The first woman had released her husband and her grief to the Lord. She missed him greatly, but knew he was safe in the Lord’s keeping and that she would see him again some day.

The second woman, who had lost a nephew to cancer, was also a doctor. She was   bitter and angry with God. Her statement to me was, “When I see God He will have to answer to me for what He allowed to happen.”

Did the second woman love more deeply than the first woman?  Not on your life!  Was the first woman more loved by God? No. For God is strong enough to absorb our misplaced anger and disappointment.

There are three situations where pain overwhelmed me, and I was astonished that God did not answer my prayers the way I prayed them.

Auto Accident: A few years ago I was involved in an auto accident, which was not my fault. A driver attempting to pass me on a narrow road side-swiped my car, taking off the outside of my driver-side door. I was taken to court one year later by the insurance company of the owner of the other car. The driver of that car (who was not the owner) lied in court. I had asked God to make truth triumph. But the case was decided in liar’s favor.

What do you do when you’ve been hurt by a lie?  When you lose faith in our judicial system

I’ve learned to hold to the facts:  God spared my life and the lives of the people in the other car. And God is still in control; He will deal with that man who lied. I wanted Him to deal with that man who lied “now” at the time of the hearing.  However, as I look back on that court hearing years later, I want God to deal in mercy instead of judgment.

Broken engagement: Before I met my husband, David, I committed my affections and my future to a handsome young man. I was willing to give up my own plans and aspirations for him. We became engaged. He met someone else. End of love story, beginning of pain.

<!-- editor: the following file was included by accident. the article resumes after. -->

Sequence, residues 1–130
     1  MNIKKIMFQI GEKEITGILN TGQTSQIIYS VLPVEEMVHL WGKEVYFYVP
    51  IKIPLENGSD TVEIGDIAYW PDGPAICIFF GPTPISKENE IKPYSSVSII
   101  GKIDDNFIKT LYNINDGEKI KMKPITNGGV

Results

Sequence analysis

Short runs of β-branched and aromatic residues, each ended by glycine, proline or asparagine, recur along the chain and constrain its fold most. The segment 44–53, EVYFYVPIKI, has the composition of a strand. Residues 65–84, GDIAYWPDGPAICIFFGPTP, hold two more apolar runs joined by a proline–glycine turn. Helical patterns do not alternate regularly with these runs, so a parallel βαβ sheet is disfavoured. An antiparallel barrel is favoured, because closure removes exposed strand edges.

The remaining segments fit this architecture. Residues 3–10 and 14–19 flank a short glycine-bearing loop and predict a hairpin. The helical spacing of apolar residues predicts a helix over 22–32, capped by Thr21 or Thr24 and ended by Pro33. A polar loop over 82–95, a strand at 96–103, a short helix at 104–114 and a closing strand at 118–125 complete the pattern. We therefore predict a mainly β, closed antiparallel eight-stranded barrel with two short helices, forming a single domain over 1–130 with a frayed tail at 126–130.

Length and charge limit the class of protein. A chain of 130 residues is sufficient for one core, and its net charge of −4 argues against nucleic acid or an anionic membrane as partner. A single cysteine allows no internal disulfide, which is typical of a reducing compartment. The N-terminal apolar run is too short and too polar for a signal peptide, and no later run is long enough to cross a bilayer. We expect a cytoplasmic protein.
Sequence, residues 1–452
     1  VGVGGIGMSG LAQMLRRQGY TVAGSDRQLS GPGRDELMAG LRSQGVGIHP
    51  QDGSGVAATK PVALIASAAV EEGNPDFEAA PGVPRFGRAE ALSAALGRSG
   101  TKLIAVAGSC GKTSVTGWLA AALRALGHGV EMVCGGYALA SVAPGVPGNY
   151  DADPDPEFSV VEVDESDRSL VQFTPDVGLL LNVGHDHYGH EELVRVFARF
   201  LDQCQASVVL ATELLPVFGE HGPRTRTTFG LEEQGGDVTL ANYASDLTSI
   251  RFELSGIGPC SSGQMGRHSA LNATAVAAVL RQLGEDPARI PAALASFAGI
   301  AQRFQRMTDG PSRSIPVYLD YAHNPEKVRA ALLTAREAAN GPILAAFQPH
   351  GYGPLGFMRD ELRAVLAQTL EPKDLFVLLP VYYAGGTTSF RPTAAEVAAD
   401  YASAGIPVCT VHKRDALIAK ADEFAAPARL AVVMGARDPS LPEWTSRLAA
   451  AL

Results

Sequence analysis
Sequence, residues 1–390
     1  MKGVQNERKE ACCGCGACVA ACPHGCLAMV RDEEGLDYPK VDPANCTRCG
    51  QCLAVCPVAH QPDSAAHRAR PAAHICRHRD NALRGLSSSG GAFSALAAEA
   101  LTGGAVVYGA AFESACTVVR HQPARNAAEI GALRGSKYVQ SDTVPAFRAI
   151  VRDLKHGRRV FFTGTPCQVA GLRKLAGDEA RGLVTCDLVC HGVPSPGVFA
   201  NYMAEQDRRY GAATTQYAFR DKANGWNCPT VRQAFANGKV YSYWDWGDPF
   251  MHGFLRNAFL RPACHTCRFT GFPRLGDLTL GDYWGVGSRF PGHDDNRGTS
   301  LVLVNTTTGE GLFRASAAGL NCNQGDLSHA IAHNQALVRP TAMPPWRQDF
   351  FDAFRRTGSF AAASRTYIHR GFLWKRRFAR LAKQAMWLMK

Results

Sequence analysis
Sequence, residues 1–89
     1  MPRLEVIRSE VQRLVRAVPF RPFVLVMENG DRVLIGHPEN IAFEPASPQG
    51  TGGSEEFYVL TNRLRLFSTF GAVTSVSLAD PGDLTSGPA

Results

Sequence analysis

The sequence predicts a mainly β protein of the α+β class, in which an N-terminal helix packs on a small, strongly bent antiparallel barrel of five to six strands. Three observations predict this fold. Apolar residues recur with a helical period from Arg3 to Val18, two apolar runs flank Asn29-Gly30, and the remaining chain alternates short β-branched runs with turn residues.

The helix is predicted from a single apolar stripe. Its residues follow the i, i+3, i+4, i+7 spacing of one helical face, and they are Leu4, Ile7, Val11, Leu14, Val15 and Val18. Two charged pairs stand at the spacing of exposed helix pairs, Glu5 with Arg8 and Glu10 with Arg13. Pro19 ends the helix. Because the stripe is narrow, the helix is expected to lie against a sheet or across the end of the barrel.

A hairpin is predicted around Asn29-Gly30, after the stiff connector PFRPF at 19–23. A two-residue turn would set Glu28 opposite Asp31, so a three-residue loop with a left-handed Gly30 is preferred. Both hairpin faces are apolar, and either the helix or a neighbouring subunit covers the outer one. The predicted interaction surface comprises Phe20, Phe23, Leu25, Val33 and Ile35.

What do you do when your affection is not returned – when someone betrays your trust? The natural response is to ask, “What’s wrong with me? Was I not attractive enough? Not good enough? What did I do that lost his affection?”

I remember crying out to God, “You don’t know what will make me happy.

After nights of crying and soul searching, I asked God to heal me and to pick my husband for me.  I committed my love and trust and aspirations to Him. I found out He did know what kind of man would make me happy – one who would cherish me and our relationship. That’s my husband, David.

Miscarriage:  I was pregnant for the first time after 9 years of marriage. I had thanked God for this child. I offered the child to Him.  And God took the child before I ever got to hold it.

What do you do when God takes you at your word?  “God, this child, husband, person, occupation, object, dream I give to you.”  And He takes it.

There is a song we sing at Sunday celebration which says,

“You give and take away, you give and take away, My heart will choose to say, Blessed be your name.”

I decided long ago to let God be God in my life.

You see, I know that it is not our circumstances that hinder our faith, it is our response to our circumstances that hinder our faith walk.

Current Challenge: And now I have the challenge of breast cancer. As I’ve share in an earlier post, God has led me in a different way for dealing with it. But no matter which course you or I or anyone else my chose or be led to take, there is pain involved. I have the pain of people not understanding my choice of “treatment” – those who think I’ve really lost it.

Others who question whether my faith is strong or whether I’ve done something to deserve this.

Pain has a purpose:  I am learning more deeply what it means to trust my Heavenly Father’s love.

The Scriptures ask, “When he returns, will He find faith on the earth?” My heart cries out, if He returns in my lifetime, I want more than anything for the answer to be “yes” and I want Him to find that faith in me.

Pain can turn us toward God or away from Him. It’s our choice which direction we want to take. As for me and my house, we will “choose” the Lord.